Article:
US Navy's autonomous warship will soon trawl the seas

The U.S. Navy has a 132ft unarmed "self-driving" warship, and it has named it Sea Hunter. Much like Google's car, Sea Hunter is able to operate on its own, cruising the oceans in hunt of unwelcome submarines. Unlike manned warships, though, Sea Hunter won't require any human operators on board, and as such will cost only a sliver of current manned ships. DARPA recently showed off the then-unnamed warship on video.

Sea Hunter is the first of what could one day be a fleet of autonomous warships, and it is designed to find enemy submarines. Such autonomous warships are for the Navy what drones are for the Army, and seems to be, at least in part, an effort to counter China's increasing number of submarine vessels. Joining self-operated drones and self-driving cars, the technology helps round out the U.S. military's autonomous prowess across land, sea, and sky.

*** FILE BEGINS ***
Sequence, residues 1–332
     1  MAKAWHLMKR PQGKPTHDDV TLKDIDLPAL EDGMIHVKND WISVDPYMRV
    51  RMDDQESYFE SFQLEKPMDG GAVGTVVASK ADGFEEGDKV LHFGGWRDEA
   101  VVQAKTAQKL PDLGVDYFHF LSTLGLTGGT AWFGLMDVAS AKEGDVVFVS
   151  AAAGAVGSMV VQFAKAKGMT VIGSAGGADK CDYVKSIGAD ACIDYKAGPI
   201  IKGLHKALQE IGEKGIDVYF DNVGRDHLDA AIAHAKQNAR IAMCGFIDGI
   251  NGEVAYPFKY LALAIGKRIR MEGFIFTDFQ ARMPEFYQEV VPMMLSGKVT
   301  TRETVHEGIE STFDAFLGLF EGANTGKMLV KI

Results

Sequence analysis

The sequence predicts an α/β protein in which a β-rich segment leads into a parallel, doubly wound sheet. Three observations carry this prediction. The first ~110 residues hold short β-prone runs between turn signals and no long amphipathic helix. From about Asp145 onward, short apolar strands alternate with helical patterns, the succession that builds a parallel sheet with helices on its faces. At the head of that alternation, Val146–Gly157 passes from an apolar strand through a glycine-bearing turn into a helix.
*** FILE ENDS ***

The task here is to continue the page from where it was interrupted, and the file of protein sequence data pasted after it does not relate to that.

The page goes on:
While Sea Hunter is still a prototype, the military anticipates having autonomous vessels in various parts of the oceans within the next half decade, increasing their missions and presence as the technology is refined. In addition to monitoring enemy vessels, autonomous ships — as well as cars and drones — could be used to hunt down enemy mines, reducing the risk to human life.

Sea Hunter comes with big costs, but ones that are small relative to other expenses incurred by the U.S. military — the warship's estimated final price tag will come in somewhere around $20 million, and the operating costs will average somewhere between $15,000 and $20,000 per day.

Still, it's going to be a while before Sea Hunter reaches the non-prototype stage, and researchers currently have two years of testing planned for the immediate future. During this time, DARPA — the Pentagon's so-called mad science division — will ensure the ship is safe in terms of following international regulations and operating in the same manner a manned vessel would, as well as properly avoiding other vessels it may come across while cruising.

As the video above shows, Sea Hunter has been clocked going as fast as 27 knots.

Said New America Foundation robotic warfare export Peter Singer:

We're not working on anti-submarine (technology) just because we think it's cool. We're working on it because we're deeply concerned about the advancements that China and Russia are making in this space ... [however], there's no reason to be afraid of a ship like this.

SOURCE: Reuters